METHODOLOGY A 2 X 2 X 2 factorial design was used to examine the effects of the three sub-components of COO with two levels of sourcing location. Each respondent was presented with a copy of an advertisement of a car describing product features and information regarding product origin with respect to country of design (China or Germany), country of assembly (China or Germany) and country of parts/components (China or Germany). A realistic market price was specified within the advertisement in order to minimise any price bias. All respondents received identical information with respect to product attributes and price. Only the COO information was manipulated in the experiment. Germany was chosen as a sourcing location because of the long history of trade with China, with over 2,000 projects invested in the last two decades (People’s Daily, 2000). China was included as the consumers ‘home’ market. As was discussed earlier on, experience with a foreign country was defined based on where the sample was located at the time of the experiment; those studying in Australia were categorized as experienced with a foreign country. Respondents were required to make product quality judgments and indicate their purchase intentions for the product. The dependent variables used throughout the experiment were ‘overall perceived product quality’ and ‘purchase likelihood’, which are the most commonly employed measures in COO studies (Okechuku and Onyemah, 1999; Chao, 2001; Wang and Chen, 2004). Data Collection A self-completion questionnaire was used to collect the data. Chinese students studying a range of English and university programmes in Australia were selected for the ‘experience with a foreign country’ group of consumers. Approximately 150 surveys were distributed to these students and 133 usable completed surveys were collected. The other sample comprised of university students studying in China through a programme operated by an Australian university. This resulted in 283 returned surveys, with 272 being useable. Ninety percent of the sample was in the 20 to 22 age category. Some researchers have been concerned that student based samples may produce biased findings and limit the levels of applicability in actual consumers (Liefeld, 1993; Samiee, 1994). However, several studies have reported that there was no difference in responses between students and actual consumers (Liefeld, 1993; Peterson and Jolibert, 1995).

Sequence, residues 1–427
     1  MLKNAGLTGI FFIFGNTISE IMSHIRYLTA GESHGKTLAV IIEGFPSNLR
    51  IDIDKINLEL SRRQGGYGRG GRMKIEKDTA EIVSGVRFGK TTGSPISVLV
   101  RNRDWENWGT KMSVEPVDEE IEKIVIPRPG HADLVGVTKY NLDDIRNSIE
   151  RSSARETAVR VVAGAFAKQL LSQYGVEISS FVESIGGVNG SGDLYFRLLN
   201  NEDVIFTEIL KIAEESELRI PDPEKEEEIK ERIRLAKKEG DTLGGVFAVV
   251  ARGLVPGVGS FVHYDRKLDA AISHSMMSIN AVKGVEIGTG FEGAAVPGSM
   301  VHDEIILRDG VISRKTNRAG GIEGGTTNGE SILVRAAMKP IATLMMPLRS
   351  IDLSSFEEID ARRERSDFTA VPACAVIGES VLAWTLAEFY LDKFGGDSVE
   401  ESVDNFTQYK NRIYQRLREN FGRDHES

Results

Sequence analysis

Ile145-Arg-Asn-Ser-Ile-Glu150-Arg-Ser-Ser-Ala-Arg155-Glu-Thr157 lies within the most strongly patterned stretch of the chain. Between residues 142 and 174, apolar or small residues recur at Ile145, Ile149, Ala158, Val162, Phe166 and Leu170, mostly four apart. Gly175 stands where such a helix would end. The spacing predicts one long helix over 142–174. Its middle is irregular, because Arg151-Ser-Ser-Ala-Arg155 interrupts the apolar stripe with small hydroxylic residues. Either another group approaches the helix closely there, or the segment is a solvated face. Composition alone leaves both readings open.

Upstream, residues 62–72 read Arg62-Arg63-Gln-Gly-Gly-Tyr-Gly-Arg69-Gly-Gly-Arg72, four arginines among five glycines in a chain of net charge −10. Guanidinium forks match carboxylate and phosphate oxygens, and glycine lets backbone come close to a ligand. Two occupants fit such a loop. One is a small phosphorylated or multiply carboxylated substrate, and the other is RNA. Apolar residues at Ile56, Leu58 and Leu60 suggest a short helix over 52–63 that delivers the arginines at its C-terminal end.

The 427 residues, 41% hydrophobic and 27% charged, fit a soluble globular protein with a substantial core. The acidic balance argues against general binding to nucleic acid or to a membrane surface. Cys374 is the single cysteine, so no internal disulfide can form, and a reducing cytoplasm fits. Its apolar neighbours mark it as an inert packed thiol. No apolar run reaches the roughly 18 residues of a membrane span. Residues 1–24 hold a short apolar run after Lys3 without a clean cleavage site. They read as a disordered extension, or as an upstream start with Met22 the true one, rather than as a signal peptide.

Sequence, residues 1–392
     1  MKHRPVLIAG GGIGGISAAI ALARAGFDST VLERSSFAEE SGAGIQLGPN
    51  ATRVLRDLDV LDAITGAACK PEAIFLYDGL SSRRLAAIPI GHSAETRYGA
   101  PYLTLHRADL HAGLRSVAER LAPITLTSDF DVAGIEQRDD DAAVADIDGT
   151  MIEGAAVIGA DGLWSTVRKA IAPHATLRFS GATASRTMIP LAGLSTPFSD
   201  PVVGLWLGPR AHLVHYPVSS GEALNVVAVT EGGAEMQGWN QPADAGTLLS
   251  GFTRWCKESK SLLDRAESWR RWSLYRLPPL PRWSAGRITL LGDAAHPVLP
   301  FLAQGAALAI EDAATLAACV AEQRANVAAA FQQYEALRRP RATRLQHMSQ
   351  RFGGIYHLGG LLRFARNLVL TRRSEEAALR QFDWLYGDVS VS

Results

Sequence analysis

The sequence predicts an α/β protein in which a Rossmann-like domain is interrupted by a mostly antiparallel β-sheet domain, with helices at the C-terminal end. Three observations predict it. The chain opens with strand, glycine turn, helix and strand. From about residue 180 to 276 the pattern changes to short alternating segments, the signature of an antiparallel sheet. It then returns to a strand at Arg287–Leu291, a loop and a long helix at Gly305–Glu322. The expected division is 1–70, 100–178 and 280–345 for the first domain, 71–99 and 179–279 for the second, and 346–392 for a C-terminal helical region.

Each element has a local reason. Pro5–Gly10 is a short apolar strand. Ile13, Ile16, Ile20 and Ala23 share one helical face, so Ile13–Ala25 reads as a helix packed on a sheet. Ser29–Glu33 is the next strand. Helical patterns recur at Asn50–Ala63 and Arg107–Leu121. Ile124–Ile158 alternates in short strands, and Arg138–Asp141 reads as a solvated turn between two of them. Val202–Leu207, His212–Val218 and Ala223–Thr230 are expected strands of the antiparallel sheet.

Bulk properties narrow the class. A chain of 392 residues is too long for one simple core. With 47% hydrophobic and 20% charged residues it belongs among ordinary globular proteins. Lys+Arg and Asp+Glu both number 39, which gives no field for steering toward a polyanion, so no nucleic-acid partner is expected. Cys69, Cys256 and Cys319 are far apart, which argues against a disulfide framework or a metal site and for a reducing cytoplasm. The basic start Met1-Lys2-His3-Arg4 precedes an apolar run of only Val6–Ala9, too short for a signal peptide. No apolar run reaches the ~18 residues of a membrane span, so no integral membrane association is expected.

Sunway Academic Journal 4 RESULTS AND DISCUSSIONS


To examine the overall impact of the three COO sub-components toward consumer product evaluation and purchase intention, this research employed Multivariate Analysis of Variance (MANOVA). The multivariate test for main effect and interactions are summarized in Table 1. The results indicate significant effects for COP on both product evaluation and purchase intention (H1c & H2c are supported); while there is no direct main effect for COD and COA (H1ab & H2ab are not supported). Also, experience with a foreign country appears to have a direct impact on purchase intention. However, there is no statistically significant interaction between experience with a foreign country and three COO sub-components (H3abc are not supported). This result reflects that ‘experience with a foreign country’ does not moderate differences in product perceptions between sourcing from home country versus foreign nations.